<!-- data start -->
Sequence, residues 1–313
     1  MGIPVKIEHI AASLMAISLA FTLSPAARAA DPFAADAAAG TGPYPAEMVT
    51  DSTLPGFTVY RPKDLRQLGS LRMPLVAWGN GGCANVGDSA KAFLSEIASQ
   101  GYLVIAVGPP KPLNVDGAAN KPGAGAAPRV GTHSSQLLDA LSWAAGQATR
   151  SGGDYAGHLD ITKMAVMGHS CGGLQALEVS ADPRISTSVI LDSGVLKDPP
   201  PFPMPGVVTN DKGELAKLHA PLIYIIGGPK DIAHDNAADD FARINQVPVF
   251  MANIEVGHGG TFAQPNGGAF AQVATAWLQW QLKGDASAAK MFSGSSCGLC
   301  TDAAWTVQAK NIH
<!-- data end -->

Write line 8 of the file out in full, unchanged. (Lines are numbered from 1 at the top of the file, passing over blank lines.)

   301  TDAAWTVQAK NIH